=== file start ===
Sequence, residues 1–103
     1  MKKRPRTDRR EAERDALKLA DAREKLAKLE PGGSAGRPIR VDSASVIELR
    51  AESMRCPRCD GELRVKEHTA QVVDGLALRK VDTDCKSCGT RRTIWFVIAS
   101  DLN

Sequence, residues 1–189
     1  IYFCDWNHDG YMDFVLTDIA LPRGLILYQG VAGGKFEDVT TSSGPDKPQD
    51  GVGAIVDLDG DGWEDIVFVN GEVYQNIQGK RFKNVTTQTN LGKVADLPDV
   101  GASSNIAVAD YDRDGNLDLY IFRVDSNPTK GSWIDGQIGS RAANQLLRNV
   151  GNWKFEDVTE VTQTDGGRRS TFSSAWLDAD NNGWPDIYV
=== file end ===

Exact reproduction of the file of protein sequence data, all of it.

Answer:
Sequence, residues 1–103
     1  MKKRPRTDRR EAERDALKLA DAREKLAKLE PGGSAGRPIR VDSASVIELR
    51  AESMRCPRCD GELRVKEHTA QVVDGLALRK VDTDCKSCGT RRTIWFVIAS
   101  DLN

Sequence, residues 1–189
     1  IYFCDWNHDG YMDFVLTDIA LPRGLILYQG VAGGKFEDVT TSSGPDKPQD
    51  GVGAIVDLDG DGWEDIVFVN GEVYQNIQGK RFKNVTTQTN LGKVADLPDV
   101  GASSNIAVAD YDRDGNLDLY IFRVDSNPTK GSWIDGQIGS RAANQLLRNV
   151  GNWKFEDVTE VTQTDGGRRS TFSSAWLDAD NNGWPDIYV